Drug companies ramp up efforts against life-threatening food allergies

Drug companies ramp up efforts against life-threatening food allergies
A treatment from biotech company Aimmune is one of a number of new approaches drug companies are working on to counter the rising prevalence of allergies. (Source: NBC)

MONTGOMERY, AL (WSFA/NBC) - Will Brody’s allergy to nuts is so severe he’s had to use an Epipen four times to counter dangerous attacks.

But through a clinical trial of a new approach to peanut allergy, he’s built up a tolerance that should protect him from accidental exposure.

The treatment is from biotech company Aimmune, and it’s one of a number of new approaches drug companies are working on to counter the rising prevalence of allergies.

“If we treated 10 children, we could get 8 of those children through the treatment process and essentially protected from accidental exposure to peanuts out there in the real world,” Aimmune president and CEO, Dr. Jayson Dallas said.

French biotech DBV Technologies is working on a similar program. It uses a patch to administer a dose equivalent to 1/1000th of a peanut every day. The goal is to re-train the immune system to tolerate peanuts.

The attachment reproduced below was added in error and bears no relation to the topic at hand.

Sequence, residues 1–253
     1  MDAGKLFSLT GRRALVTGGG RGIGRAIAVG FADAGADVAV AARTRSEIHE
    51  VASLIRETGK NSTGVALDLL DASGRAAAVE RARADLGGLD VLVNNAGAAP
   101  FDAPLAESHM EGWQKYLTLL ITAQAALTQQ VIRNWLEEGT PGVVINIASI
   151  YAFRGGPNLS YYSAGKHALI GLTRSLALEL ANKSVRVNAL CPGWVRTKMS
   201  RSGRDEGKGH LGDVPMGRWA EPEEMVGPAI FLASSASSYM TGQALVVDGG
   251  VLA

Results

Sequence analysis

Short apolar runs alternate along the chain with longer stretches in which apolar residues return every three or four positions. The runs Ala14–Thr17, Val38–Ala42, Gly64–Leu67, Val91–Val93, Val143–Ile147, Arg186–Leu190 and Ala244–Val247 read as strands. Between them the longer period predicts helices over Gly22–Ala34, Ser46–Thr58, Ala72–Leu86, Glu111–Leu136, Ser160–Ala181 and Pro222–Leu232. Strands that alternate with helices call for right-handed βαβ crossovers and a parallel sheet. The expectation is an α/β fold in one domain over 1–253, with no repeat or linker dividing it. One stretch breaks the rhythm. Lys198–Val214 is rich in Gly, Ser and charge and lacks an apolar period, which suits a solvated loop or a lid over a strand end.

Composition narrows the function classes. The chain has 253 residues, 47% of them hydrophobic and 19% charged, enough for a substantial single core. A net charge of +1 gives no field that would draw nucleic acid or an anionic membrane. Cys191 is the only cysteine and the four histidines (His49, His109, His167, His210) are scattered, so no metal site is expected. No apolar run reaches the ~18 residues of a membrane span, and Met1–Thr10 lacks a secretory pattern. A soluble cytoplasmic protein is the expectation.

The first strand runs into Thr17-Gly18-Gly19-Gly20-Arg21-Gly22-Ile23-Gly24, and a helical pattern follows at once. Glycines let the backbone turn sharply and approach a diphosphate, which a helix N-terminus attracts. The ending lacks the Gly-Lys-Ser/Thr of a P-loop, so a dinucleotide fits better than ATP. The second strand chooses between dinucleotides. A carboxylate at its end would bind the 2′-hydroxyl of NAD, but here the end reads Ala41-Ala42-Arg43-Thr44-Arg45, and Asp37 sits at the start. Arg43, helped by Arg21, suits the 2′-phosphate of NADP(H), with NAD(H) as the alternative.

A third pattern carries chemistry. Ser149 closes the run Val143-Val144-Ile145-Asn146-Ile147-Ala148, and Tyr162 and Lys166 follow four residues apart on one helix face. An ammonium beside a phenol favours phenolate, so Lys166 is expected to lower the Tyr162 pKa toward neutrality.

Biotech giant Regeneron is taking allergy research even further.

Its recently approved medicine, Dupixent, targets two signaling molecules that become overactive in allergic diseases like asthma and atopic dermatitis.

George Yancopoulos is president and chief scientific officer at Regeneron.

“The more specifically you can identify what’s wrong with the immune system and what’s overactive, you can target only that,” Yancopoulos said.

Regeneron is testing the drug in other allergic disorders, as well as in combination with Aimmune’s therapy for peanut allergy. Regeneron is also exploring whether it can develop drugs that target the cause of each specific allergy.

“We have a program for cat allergy for example," Jamie Orengo who’s also with Regeneron said. "We know what the major driver is from the cat allergen that’s inducing a lot of the symptoms. Then we actually took it into a Phase 1 clinical study and showed that patients do have symptomatic relief.”

For Orengo, the work is deeply personal since her three sons all have severe allergies.

“It definitely puts a spark in everything that you do, because I see how much this affects my children,” said Orengo.

If both Aimmune and DBV are successful, their treatments could reach the market next year.

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